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Divorce Mediation: Is It Right for Your Split?

During divorce mediation, spouses working through a split negotiate an acceptable divorce agreement with the help of a neutral third party.

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Updated: Dec 9, 2019

Some couples litigate or collaborate to reach a divorce agreement. Mediation is a third option in the divorce process that might appeal to you.

During divorce mediation, spouses working through a split negotiate an acceptable divorce agreement with the help of a neutral third party – the mediator. As an impartial third party, the mediator helps you and your partner communicate and negotiate, but doesn’t make any decisions for you¹ or provide legal advice.

Mediation can either be privately done or court-ordered, which is generally limited to child custody and visitation issues with the court setting the duration of the mediation. We also provide economic mediation, which is designed to help people resolve any economic issues arising from a family law matter, which is often court-ordered.

Private mediation, on the other hand, enables you to deal with all the issues that need to be resolved during a divorce or for a post-judgment issue if you want to avoid the courts, including child custody and visitation, support, and equitable distribution of assets and debts. The time and cost of mediation is directly related to how well you and your partner cooperate with each other.

As with collaborative proceedings, mediation relies on a couple things: You and your partner voluntarily must agree to freely exchange information and commit to reach resolutions that respect your shared goals. What we like about mediation is that ex-spouses walk away from the proceedings feeling more satisfied with the outcome since they worked out the agreement together, face to face with a trained mediator. That’s a more preferable outcome than being bound by a judge’s dictates, which could leave one or both parties dissatisfied.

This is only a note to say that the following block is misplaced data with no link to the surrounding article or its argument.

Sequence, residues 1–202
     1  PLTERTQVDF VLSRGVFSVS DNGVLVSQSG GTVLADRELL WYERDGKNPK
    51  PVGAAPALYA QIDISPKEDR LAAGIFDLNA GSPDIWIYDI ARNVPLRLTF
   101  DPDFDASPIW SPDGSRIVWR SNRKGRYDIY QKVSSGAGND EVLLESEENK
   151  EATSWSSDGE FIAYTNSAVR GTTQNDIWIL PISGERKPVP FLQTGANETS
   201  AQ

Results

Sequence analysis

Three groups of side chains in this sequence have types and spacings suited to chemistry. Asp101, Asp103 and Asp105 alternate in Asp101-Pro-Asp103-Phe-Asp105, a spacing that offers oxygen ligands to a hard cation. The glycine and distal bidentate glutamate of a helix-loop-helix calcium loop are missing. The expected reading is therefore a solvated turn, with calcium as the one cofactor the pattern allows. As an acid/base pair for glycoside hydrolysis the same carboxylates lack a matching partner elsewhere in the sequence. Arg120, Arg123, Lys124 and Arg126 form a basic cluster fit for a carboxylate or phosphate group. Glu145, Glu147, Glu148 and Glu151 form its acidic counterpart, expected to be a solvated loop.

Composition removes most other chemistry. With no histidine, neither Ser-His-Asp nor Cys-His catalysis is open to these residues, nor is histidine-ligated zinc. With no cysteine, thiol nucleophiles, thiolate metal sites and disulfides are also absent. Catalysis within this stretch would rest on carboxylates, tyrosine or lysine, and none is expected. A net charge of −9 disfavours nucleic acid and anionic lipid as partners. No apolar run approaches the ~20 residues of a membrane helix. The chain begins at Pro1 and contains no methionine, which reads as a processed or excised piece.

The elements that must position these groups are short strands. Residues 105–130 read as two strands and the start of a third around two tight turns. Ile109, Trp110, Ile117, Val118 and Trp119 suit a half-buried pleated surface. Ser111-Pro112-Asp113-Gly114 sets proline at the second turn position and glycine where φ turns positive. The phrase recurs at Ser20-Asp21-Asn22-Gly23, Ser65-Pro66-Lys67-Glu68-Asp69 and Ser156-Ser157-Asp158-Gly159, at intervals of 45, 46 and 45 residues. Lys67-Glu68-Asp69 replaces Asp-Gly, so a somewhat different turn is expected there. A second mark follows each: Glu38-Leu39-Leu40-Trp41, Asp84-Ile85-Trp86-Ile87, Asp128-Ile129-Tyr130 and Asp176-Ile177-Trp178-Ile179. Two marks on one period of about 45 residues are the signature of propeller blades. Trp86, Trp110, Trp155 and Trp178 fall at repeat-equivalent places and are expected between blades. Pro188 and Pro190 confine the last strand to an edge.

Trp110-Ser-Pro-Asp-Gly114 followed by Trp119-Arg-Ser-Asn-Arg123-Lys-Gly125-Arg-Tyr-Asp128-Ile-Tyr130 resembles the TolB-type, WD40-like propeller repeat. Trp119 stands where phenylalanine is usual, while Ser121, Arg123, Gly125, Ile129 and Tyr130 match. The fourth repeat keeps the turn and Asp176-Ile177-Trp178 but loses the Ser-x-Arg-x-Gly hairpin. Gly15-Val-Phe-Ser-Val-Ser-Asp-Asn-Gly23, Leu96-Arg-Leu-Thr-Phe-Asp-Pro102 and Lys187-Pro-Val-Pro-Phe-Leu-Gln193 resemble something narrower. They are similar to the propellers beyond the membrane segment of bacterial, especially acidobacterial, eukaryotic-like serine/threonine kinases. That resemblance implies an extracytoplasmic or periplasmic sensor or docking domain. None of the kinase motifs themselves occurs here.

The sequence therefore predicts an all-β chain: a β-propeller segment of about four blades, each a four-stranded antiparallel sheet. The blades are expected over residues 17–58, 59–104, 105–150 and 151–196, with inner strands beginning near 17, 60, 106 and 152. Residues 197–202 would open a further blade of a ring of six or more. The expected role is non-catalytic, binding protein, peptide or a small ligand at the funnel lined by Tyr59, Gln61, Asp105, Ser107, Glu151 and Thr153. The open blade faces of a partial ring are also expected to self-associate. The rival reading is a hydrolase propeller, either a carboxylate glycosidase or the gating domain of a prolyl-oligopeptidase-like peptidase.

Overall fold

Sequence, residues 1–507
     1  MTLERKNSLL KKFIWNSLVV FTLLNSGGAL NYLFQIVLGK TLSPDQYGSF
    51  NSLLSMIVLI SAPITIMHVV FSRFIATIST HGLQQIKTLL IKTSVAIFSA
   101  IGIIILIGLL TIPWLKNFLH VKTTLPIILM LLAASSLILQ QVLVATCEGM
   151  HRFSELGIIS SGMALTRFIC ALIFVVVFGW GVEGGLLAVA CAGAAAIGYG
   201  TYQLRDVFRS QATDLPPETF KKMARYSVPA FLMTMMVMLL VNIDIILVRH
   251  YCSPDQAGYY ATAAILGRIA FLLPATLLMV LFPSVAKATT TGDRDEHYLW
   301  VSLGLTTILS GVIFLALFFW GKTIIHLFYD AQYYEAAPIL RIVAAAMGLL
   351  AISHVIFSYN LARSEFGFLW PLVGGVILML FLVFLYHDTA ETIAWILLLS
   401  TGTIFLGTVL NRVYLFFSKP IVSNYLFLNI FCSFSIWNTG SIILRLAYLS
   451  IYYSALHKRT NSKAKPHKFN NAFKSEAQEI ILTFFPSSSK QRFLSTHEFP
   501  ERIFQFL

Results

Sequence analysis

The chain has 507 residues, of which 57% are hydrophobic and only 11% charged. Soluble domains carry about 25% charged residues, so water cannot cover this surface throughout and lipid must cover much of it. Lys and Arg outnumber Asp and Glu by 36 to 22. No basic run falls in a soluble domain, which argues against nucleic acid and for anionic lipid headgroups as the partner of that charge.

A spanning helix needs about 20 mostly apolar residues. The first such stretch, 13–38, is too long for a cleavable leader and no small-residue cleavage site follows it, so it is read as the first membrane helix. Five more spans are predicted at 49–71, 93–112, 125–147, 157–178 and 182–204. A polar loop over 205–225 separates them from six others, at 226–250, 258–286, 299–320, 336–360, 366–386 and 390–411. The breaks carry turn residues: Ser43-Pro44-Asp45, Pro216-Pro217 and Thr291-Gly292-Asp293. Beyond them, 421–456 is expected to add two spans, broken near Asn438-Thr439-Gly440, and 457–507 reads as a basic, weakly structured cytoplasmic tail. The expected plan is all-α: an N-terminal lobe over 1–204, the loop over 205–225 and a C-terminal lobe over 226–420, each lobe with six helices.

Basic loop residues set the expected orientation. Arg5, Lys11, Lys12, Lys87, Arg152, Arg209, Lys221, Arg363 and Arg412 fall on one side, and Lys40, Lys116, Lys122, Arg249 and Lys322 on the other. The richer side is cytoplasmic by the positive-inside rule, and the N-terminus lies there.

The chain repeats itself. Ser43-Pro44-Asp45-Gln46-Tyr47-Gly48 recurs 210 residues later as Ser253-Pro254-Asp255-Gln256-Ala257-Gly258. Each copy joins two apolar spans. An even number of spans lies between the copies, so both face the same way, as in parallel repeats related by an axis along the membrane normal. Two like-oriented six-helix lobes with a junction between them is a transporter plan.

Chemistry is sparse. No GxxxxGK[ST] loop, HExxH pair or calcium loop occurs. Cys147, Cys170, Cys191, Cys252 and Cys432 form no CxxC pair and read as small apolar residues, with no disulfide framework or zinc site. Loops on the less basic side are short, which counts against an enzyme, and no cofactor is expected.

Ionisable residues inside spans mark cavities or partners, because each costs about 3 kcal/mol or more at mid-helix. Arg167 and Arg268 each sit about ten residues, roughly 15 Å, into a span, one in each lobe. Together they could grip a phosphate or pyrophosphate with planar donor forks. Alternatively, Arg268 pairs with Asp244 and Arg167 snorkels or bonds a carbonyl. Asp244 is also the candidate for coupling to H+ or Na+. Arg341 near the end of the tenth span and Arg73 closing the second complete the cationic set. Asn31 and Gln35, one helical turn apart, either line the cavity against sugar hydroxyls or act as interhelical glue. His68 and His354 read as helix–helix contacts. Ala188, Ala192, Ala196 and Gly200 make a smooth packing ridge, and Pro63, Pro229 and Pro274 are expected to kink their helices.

We also know that mediation isn’t for everyone. Some couples can’t put aside the emotions swirling around their divorce, so working together face to face to settle their common issues even with a mediator’s help isn’t possible.

Smedley Law Group attorneys AllynMarie Smedley, Esq. and Tom Jenkins, Esq., are experienced Matrimonial Law Mediators and have successfully assisted hundreds of couples in reaching amicable agreements. We believe mediation is a route couples should seriously consider before making the decision to litigate.

Mediators aren’t permitted to provide legal advice, so if you choose a Smedley Law Group attorney as a mediator, you’ll also need to retain an attorney not associated with our firm to provide you with the necessary legal advice, answer specific law questions of law, review the agreement terms from a legal standpoint and prepare documents to be filed in court while you’re participating in the mediation process. Similarly, if you choose to work with a mediator not associated with Smedley Law Group, contact us to provide you with the legal expertise you need to ensure you fully understand all aspects of your mediated agreement.

Tip: If you decide to mediate, you and your partner will both be required to attend the first meeting with your mediator. ¹Source:

If you’re considering mediation, our attorneys at Smedley Law Group, P.C. can provide you with the professional advice you need to make an educated decision. Schedule a consultation with one of our attorneys today.

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